Categorized | Daily Life

Why so late?

Posted on 20 April 2014 by American expat!

lateMy friends and family (those who have not visited Spain) are bewildered when they call and find me just sitting down to dinner at 10pm. I assure them that this is 1) standard in Spain, and 2) that I’m not trying to conform to any kind of Spanish timetable. Because 10pm feels about right for dinner, because everything happens later here.

There is an explanation for this, maybe you already know it. It’s that Spain uses the same time zone that includes France, Germany and Italy. But Spain is geographically aligned with Portugal and Britain, which live life in Coordinated Universal Time. So in fact the clocks here are ‘wrong’ – according to where the sun is in the sky and also according to what my body thinks.

This is because Fransisco Franco (the country’s dictator from 1939 to 1975), during WWII, set clocks forward to align with Nazi Germany. Portugal also changed the clocks ahead during the second World War, but returned to UCT (then called Greenwich Mean Time) after the defeat of Hitler. But Spain kept the same time with Germany, presumably because Franco was a jerk and held tight to his fascist values.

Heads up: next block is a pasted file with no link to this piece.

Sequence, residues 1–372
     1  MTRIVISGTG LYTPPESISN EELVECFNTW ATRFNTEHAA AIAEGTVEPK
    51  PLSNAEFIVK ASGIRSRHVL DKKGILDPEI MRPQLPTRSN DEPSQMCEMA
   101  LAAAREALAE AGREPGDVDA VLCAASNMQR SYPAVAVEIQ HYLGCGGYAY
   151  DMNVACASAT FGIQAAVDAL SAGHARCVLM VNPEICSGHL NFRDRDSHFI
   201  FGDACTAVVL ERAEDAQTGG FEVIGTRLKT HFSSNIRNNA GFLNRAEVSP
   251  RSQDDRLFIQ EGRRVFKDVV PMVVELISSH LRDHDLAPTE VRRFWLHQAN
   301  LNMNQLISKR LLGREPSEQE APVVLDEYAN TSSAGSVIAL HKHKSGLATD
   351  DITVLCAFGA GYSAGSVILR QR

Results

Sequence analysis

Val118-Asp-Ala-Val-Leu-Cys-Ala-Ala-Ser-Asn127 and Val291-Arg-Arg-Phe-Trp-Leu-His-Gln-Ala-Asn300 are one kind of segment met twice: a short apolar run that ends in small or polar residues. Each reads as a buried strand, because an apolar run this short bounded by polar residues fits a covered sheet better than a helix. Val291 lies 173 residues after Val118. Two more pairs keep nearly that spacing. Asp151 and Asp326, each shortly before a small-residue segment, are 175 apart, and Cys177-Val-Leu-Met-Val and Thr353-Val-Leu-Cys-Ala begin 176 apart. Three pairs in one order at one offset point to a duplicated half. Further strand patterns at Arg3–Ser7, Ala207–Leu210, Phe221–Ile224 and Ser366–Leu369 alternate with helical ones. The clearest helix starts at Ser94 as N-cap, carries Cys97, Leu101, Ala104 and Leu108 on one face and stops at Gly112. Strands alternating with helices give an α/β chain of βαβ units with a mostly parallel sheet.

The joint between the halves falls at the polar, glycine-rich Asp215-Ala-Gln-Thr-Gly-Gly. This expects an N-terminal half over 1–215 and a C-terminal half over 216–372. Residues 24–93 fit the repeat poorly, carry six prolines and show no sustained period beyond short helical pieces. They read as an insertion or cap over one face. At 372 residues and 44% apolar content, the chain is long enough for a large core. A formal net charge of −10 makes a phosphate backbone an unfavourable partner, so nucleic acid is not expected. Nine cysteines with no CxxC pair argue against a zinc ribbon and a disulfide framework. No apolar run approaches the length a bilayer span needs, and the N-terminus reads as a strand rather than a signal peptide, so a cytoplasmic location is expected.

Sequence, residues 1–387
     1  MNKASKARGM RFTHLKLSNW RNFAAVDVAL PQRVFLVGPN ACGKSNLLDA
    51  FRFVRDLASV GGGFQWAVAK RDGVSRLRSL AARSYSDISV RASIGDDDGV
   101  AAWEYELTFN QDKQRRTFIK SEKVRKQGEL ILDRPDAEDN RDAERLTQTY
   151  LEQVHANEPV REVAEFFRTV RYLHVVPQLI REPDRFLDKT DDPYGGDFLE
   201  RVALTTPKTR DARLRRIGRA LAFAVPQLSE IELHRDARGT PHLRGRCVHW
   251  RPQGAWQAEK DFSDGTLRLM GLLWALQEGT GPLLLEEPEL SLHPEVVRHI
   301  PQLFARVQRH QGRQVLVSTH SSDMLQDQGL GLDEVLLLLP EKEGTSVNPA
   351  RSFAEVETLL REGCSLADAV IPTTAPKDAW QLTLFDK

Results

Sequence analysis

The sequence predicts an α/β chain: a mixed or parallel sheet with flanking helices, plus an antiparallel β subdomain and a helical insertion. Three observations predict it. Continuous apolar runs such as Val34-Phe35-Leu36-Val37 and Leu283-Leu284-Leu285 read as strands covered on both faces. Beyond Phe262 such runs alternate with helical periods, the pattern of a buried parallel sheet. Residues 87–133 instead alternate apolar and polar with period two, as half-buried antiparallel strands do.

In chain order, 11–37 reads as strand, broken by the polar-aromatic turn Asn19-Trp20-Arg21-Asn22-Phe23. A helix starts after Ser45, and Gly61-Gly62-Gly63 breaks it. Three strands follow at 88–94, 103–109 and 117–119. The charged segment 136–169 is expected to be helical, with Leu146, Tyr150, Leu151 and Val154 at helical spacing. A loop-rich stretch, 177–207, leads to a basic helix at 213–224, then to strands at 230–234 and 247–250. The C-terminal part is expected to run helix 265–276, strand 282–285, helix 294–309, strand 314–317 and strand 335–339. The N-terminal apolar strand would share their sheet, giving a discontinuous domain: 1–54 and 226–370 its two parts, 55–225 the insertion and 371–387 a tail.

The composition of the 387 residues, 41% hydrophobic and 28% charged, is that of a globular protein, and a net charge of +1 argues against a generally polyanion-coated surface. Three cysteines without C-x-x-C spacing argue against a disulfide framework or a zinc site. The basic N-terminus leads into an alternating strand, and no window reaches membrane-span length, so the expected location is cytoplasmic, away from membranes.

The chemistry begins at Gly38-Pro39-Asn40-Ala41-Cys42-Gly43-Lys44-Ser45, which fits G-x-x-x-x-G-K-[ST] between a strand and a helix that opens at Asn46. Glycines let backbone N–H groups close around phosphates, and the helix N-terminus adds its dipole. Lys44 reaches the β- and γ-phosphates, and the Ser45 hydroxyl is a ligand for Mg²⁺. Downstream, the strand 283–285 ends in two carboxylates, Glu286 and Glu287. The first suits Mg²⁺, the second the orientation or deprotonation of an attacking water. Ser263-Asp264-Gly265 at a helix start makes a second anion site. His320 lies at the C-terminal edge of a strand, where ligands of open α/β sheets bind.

Over time, Spain’s culture adapted to this time change in the form of breakfast breaks for workers (there isn’t time enough in the morning at home for breakfast), lunches from around 2-4 in the afternoon, which is the same time businesses close for siesta, though this is entirely flexible and dependent on the discretion of the owner but is generally for 2-3 hours between 1pm and 5pm. This long lunch/siesta pushes closing hours late into the evening, as workers are only returning to work around 4pm. So kicking off work happens anywhere between 6 and 9pm. And this is why dinner is not unusual at 10pm.

The good side of this is that things stay open later, unlike other European countries where everything is locked tight at 6pm. No, I can roll out of my office at 9:15pm and now that I still have 15 minutes before the post office down the street closes, then after that can pop into Carrefour for some, um, salad (OK I mean American cookies and wine) before heading riding a bike home. If it is summer, I can head to the beach at 7pm and still catch some rays and have a swim before the sun sets at 9:45pm.

Spain is talking about reverting to their actual geographical time zone, positing that it will make a more efficient workforce (with this I completely agree) as well as allow working parents to have time with their children in the evenings, though I question the necessity for this last point as children never seem to go to bed here, they are still running frenzied around plazas and yelling from their strollers at midnight.

I know visitors are bewildered to find most restaurants are not yet open for dinner at 8pm, and cafes not yet open for a coffee at 8 or even 9am. New expats have a tough time with late lunches and dinners, though most–if not all–adapt quickly and find themselves loving the late lifestyle. I find it easy to switch between a US schedule and Spanish one, probably because the lifestyles are so different – but also because the clocks here are ‘wrong’.

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